Capitalism knows only one color: that color is green; all else is necessarily subservient to it, hence, race, gender and ethnicity cannot be considered within it.

“Each new generation born is in effect an invasion of civilization by little barbarians, who must be civilized before it is too late.”

“If you are not prepared to use force to defend civilization, then be prepared to accept barbarism.”

“If you have always believed that everyone should play by the same rules and be judged by the same standards, that would have gotten you labeled a radical 60 years ago, a liberal 30 years ago and a racist today.”

“It is amazing that people who think we cannot afford to pay for doctors, hospitals, and medication somehow think that we can afford to pay for doctors, hospitals, medication and a government bureaucracy to administer it.”

“Liberals seem to assume that, if you don’t believe in their particular political solutions, then you don’t really care about the people that they claim to want to help.”

“Mistakes can be corrected by those who pay attention to facts but dogmatism will not be corrected by those who are wedded to a vision.”

“Mystical references to society and its programs to help may warm the hearts of the gullible but what it really means is putting more power in the hands of bureaucrats.”

“Prices are important not because money is considered paramount but because prices are a fast and effective conveyor of information through a vast society in which fragmented knowledge must be coordinated.”

“Socialism in general has a record of failure so blatant that only an intellectual could ignore or evade it.”

“Tariffs that save jobs in the steel industry mean higher steel prices, which in turn means fewer sales of American steel products around the world and losses of far more jobs than are saved.”

“The most basic question is not what is best, but who shall decide what is best.”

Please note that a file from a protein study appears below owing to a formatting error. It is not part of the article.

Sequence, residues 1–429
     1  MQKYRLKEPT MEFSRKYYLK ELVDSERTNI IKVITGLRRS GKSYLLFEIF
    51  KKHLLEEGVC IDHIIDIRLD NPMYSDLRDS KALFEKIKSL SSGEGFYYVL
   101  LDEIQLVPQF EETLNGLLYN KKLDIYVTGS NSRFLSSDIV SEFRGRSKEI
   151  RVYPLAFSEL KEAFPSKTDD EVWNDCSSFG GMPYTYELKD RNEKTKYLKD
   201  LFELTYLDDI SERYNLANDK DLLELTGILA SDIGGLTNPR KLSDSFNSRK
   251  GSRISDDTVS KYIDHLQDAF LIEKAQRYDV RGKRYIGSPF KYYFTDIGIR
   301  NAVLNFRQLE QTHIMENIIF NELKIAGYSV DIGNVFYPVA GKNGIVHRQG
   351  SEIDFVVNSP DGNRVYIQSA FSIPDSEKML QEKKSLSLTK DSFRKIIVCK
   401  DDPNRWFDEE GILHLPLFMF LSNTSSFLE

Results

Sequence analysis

“The most fundamental fact about the ideas of the political left is that they do not work.   Therefore we should not be surprised to find the left concentrated in institutions where ideas do not have to work in order to survive.”

“The real goal should be reduced government spending, rather than balanced budgets achieved by ever rising tax rates to cover ever rising spending.”

“Too much of what is called “education” is little more than an expensive isolation from reality.”

“What ‘multiculturalism’ boils down to is that you can praise any culture in the world except Western culture – and you cannot blame any culture in the world except Western culture.”

“Would you bet your paycheck on a weather forecast for tomorrow?  If not, then why should this country bet billions on global warming predictions that have even less foundation?”

“The assumption that spending more of the taxpayer’s money will make things better has survived all kinds of evidence that it has made things worse.   The black family- which survived slavery, discrimination, poverty, wars and depressions- began to come apart as the federal government moved in with its well-financed programs to “help.””

“Most people who read “The Communist Manifesto” probably have no idea that it was written by a couple of young men who had never worked a day in their lives, and who nevertheless spoke boldly in the name of “the workers”.”

“Despite a voluminous and often fervent literature on “income distribution,” the cold fact is that most income is not distributed: It is earned.”

“It is hard to imagine a more stupid or more dangerous way of making decisions than by putting those decisions in the hands of people who pay no price for being wrong.” [bureaucrats]

What is ominous is the ease with which some people go from saying that they don’t like something to saying that the government should forbid it.  When you go down that road, don’t expect freedom to survive very long.

Americanly Yours,

Phred Barnet